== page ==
The $4.7 billion deal between CF Industries Holdings, Inc. and Terra Industries Inc. in mid-March ended a 15-month saga that, through its course, involved four fertilizer companies, many rejected offers, and two terminated agreements. After repeated rejections by Terra of CF Industries and in turn, by CF Industries of Agrium Inc. throughout 2009, all looked to be settled early this year. Yara International ASA of Norway signed a $4.1 billion cash merger agreement with Terra in mid-February, while Agrium extended the expiration date of its latest attempt to acquire CF.

Then CF filed its intent to better Yara’s offer for Terra. Terra’s Board of Directors quickly agreed to the CF deal — which will form the world’s second largest nitrogen fertilizer producer behind Yara — and terminated its merger agreement with Yara. Agrium announced that it would no longer pursue acquiring CF Industries or the election of its nominees to CF’s Board of Directors.

A deal that didn’t happen involved Albaugh Inc. and Makhteshim Agan Industries Ltd. (MAI). This deal was called off in September. According to a MAI press release, the company postponed the acquisition agreement with Albaugh after it discovered “a material deviation” in its discovery data. “We have taken the right decision given the material gaps which emerged during the due diligence process,” said CEO Erez Vigodman. However, according to Albaugh, it called off the deal once MAI demanded changes in sale terms. “Makhteshim Agan attempted to force major changes to the transaction at the 11th hour,” said Dennis Albaugh in a press release.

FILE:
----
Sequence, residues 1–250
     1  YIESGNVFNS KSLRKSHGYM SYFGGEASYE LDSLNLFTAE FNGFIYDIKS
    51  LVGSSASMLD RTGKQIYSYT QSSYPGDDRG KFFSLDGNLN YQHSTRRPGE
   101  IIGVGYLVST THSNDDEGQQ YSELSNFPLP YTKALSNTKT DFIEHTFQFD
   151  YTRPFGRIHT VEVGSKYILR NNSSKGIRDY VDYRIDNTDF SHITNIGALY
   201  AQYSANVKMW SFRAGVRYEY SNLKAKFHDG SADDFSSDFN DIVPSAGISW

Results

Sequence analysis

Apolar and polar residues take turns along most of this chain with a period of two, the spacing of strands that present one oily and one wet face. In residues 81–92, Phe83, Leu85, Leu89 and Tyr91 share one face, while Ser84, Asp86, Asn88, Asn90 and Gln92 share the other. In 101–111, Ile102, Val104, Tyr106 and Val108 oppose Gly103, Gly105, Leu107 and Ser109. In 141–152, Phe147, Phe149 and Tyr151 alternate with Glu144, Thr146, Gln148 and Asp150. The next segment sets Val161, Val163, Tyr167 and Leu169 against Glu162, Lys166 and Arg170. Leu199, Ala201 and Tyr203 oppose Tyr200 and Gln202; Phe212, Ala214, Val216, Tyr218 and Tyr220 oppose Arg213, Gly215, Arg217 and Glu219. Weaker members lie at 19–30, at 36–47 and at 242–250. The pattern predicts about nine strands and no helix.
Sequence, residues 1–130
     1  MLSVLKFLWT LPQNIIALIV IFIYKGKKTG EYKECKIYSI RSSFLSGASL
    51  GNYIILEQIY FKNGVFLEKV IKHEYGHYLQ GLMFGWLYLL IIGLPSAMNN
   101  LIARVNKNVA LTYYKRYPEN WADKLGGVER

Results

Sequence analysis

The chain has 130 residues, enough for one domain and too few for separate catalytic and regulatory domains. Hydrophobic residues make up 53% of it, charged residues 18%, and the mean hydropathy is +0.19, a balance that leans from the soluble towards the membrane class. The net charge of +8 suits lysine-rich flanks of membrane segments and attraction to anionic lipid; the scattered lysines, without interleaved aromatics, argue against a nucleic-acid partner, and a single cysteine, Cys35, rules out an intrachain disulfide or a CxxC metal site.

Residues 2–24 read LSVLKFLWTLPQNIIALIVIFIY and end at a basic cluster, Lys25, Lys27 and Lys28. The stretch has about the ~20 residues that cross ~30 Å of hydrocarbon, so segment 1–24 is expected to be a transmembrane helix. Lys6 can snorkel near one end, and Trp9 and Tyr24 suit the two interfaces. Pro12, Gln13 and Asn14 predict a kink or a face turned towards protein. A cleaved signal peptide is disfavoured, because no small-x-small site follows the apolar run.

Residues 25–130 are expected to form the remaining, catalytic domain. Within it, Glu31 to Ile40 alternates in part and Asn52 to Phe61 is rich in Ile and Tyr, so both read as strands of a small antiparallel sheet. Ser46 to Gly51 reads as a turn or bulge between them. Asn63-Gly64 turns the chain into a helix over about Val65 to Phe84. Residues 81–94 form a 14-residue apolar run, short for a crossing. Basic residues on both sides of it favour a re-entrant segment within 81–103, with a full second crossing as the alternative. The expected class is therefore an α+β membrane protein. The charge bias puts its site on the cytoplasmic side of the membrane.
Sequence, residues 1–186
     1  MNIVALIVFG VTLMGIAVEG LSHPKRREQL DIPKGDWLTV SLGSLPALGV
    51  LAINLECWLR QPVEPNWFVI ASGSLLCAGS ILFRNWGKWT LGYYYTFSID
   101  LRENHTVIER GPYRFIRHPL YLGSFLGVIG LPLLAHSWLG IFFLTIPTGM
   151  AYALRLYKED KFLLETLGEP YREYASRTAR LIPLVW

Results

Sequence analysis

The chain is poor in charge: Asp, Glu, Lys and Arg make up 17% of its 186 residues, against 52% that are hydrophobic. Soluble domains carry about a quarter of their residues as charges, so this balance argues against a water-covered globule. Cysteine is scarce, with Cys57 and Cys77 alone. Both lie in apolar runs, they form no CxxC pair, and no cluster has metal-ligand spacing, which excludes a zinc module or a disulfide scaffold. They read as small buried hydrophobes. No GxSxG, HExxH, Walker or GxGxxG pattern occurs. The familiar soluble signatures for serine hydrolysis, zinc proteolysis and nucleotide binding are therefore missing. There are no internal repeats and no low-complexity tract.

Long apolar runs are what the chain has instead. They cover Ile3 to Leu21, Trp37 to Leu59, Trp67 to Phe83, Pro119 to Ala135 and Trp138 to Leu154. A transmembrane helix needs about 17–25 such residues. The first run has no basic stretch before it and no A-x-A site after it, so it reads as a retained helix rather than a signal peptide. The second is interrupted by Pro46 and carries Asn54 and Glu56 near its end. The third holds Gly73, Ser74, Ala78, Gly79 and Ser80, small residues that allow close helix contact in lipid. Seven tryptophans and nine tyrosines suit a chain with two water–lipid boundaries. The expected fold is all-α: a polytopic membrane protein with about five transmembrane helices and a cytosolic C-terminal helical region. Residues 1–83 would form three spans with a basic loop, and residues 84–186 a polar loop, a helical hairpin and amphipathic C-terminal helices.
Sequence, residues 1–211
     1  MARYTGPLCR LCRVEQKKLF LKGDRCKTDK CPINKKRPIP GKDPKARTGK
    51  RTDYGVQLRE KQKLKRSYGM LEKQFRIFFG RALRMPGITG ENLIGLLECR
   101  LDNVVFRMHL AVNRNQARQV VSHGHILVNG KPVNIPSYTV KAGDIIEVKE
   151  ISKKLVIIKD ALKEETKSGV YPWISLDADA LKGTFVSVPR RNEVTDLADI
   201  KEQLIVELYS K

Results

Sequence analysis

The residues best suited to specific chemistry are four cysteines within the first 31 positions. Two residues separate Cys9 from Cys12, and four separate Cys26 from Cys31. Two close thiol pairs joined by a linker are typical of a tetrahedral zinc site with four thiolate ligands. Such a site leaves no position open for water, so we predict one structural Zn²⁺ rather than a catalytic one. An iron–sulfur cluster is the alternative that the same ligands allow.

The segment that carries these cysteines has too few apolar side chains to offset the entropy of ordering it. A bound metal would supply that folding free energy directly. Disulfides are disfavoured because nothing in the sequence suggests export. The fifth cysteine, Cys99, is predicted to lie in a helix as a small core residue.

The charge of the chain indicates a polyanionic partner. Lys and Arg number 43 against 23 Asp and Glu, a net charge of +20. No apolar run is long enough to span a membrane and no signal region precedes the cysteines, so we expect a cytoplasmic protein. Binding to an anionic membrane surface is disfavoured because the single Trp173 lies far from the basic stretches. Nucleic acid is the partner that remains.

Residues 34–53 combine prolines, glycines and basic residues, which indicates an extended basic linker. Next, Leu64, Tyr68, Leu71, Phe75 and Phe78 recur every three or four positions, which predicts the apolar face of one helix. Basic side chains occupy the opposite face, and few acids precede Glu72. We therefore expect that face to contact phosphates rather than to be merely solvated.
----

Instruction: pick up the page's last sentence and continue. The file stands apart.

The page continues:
During late 2010, Potash Corp. of Saskatchewan found itself a takeover target of Austrailian mining giant BHP Billiton PLC and SinoChem. Who ultimately ends up with control of the company will probably be answered in 2011.